Welcome to the Dragon Folk Club

Welcome to the official blog of the Dragon Folk Club, which meets for a singers night every Friday at The Bridge Inn, Shortwood, Bristol. Everyone is welcome whether you sing, play or just listen.

Thursday, 26 February 2015

St David's Day 2015

Celebrating St David’s Day in Barmouth
The important factor which both constitutes news and explains the whole session is that there will be no Dragon Folk Club on 27 February but we will be back on Friday 6 March at the usual venue. It's simply a matter of our room being booked for another function. We were given at least two weeks' notice and the possibility of an alternative night, which was nice. Unfortunately the alternative night didn't work for enough of the regulars, so we're having a week off.

This hiatus meant that we wouldn't be meeting any closer to St David's day, so adopted Welshman, Richard, who MCed for the evening, announced at the last moment that. All things Welsh would be the theme. Given that there had been no leek (sic) of this information beforehand the level of preparedness was fairly low, except for Richard himself, who had obviously been planning it.

Nevertheless, Mike kicked off with Max Boyce's Duw It's Hard. This is a song often sung by Lesley but obviously Richard hadn't even informed his Welsh wife of his plans, so she hadn't prepared and seemed very happy that Mike could step into the breach.

Lesley wasn't entirely without Welsh songs though, making her first a song which I assume is called "Come To Llandudno" but I can't find a trace of it anywhere I'm afraid.

Derek started off with a song, partly in Welsh, which I think was a version of Lord Randall (Roud 10, Child 12), but not one I can find anywhere. At this stage I really wasn't doing too well at finding things on YouTube, nor anywhere else, this week. I'll take the liberty of mentioning two of Derek's other songs. He eschewed the Welsh theme, first to sing Trimdon Grange Explosion (Roud 3189, Tommy Armstrong) about the disaster at that pit on 16 February 1882. Derek continued to plough his own furrow by extending his running theme of singing songs sung by Fred Jordan. This week it was The Watery Grave. Derek identified this as a version of "Owen Barry" but seemed uncertain why Fred only sang three verses which didn't really hang together as a story.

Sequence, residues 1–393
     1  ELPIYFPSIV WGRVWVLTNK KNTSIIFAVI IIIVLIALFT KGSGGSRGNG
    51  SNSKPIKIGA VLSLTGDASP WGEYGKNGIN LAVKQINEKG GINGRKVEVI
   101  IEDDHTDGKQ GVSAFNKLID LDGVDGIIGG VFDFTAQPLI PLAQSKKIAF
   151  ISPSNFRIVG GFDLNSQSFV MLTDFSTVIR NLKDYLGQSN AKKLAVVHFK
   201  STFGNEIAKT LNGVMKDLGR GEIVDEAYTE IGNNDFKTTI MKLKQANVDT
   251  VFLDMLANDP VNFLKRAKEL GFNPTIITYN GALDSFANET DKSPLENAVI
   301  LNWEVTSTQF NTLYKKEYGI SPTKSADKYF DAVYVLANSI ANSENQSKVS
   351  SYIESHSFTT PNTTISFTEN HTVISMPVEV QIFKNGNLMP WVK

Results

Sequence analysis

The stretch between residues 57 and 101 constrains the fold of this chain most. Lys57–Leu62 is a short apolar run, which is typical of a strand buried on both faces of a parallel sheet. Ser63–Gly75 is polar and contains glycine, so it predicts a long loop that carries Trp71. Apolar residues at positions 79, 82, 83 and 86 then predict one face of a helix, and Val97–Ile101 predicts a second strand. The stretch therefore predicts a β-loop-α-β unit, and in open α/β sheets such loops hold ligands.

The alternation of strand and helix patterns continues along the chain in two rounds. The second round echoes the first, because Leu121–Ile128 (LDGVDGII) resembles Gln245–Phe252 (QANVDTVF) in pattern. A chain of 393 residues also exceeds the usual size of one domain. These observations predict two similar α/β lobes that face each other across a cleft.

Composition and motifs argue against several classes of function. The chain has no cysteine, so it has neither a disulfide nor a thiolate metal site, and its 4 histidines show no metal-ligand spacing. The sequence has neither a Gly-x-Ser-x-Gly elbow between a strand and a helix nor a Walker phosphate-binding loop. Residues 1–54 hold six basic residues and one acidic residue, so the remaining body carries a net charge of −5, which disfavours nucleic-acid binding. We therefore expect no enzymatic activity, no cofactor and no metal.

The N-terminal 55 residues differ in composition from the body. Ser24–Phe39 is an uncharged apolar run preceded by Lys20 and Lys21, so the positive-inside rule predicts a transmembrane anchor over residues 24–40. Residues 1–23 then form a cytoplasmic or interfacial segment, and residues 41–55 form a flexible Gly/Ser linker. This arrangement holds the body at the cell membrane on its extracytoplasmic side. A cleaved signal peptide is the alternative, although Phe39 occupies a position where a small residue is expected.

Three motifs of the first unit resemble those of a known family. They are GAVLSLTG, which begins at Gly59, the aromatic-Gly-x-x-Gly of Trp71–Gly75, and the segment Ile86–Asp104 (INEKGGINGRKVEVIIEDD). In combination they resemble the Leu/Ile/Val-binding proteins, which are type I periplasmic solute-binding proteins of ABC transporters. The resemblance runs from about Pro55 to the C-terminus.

MainlyNorfolk finds a possible answer to Derek's puzzle in the cover notes written by Mike Yates on the Fred Jordan album, Songs of a Shropshire Farm Worker. "During the first half of the nineteenth century there was a strong vogue, among stage comedians, for the burlesque of romantic folk ballads. Lord Lovel and William and Dinah (‘Villikins’) were two such. Also, a mildly comic version of The Banks of Sweet Willow was popularised in the 1850's by the entertainer Sam Cowell. As The Watery Grave, the burlesque has survived better than its handsome original which scholars identify as Child No. 24." (See the comments below this report for Derek's response to this suggestion)

Roger returned us to the Welsh theme with a poem or recitation he had written which he entitled A Welsh Miscellaney.

Richard of course was replete with Welsh connections in his songs, most notably singing two entirely in Welsh: Calon Lân (Daniel James, John Hughes) and Sosban Fach.

The nearest Colin got to Wales was Cornwall with his closing song: Steve Knightley's Cousin Jack.

Here's a selection of these and other songs sung during the session.

(Number of people present - 11, of which 10 performed)


  1. "Derek identified this as a version of The Banks of Green Willow (Roud 172, Child 24)"
    Oh no I didn't - and goodnss knows what the Some Scholars who do have been drinking. Banks of Green Willow/Bonnie Annie is about a woman thrown off a ship because she is pregnant and the sailors are superstitious. She is found and buried by her grieving lover. I identified the song I sang as a version of Owen Barry - girl gets pushed into river by aggrieved lover because she won't marry him. Owen Barry is cognate with the American song Banks of the Ohio, which is perhaps better known among British folkies as Banks of the ODB, as sung by Frank McPeake Snr.
    I suspect you have now condemned the Dragon to having to listen to my versions of both songs on the same night!

  2. Derek, You are quite right that you mentioned Owen Barry - I should have trusted my own notes more. I will at least partially correct the report.